Prosecutors say Terrence Gasper, the former chief financial officer at Ohio’s $15 billion insurance fund for injured workers, exchanged investment opportunities for money, his son’s college tuition and stays at a Florida condominium.
Terrence Gasper, the first official with the Ohio Bureau of Workers’ Compensation to be charged in the yearlong investigation of the scandal-tainted fund, was scheduled to appear in state and federal court this week. His attorney, Terrence Grady, confirmed Gasper would plead guilty in both courts.
Franklin County Prosecutor Ron O’Brien said last week that Gasper, 59, would admit he received $25,000 from rare-coin dealer Tom Noe in return for doling out investment business from the workers compensation bureau to Noe.
Gasper also faces federal racketeering charges and state charges of money laundering and ethics violations for failing to report income, gifts, travel and meals on mandatory annual disclosure forms.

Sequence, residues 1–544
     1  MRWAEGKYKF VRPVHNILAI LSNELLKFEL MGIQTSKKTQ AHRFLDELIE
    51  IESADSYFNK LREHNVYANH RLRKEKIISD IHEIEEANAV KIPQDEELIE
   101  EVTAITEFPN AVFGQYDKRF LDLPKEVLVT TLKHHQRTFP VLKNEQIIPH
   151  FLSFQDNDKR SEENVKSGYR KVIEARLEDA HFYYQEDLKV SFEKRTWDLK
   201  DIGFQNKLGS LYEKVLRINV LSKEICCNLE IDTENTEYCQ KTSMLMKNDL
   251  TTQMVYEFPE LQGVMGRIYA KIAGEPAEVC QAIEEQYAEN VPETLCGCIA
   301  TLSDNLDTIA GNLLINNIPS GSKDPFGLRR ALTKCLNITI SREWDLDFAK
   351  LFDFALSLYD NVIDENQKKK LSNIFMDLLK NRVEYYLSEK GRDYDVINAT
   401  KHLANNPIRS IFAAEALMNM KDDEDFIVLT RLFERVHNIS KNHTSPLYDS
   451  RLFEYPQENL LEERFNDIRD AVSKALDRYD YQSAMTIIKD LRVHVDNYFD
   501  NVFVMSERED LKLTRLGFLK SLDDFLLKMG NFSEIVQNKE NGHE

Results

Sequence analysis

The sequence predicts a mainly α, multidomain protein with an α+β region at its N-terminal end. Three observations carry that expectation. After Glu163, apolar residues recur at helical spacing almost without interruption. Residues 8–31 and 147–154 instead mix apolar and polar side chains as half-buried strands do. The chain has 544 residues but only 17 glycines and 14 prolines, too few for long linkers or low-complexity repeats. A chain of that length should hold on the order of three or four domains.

The investigation has already shaken the state’s
Republican-dominated government. It has led to ethics charges
against Gov. Bob Taft, who pleaded no contest for failing to report
gifts such as golf outings, the ouster of the bureau’s
administrator, the firing of its chief investment officer and an
overhaul of the fund’s investment operations.
The charges against Gasper are the first in an expected series of charges against others connected with the bureau’s investments, O’Brien said.
Noe pleaded guilty last week to illegally funneling money to President Bush’s re-election campaign and still faces allegations that he embezzled $1 million from a $50 million rare-coin investment he managed for the Ohio Workers’ Compensation fund.
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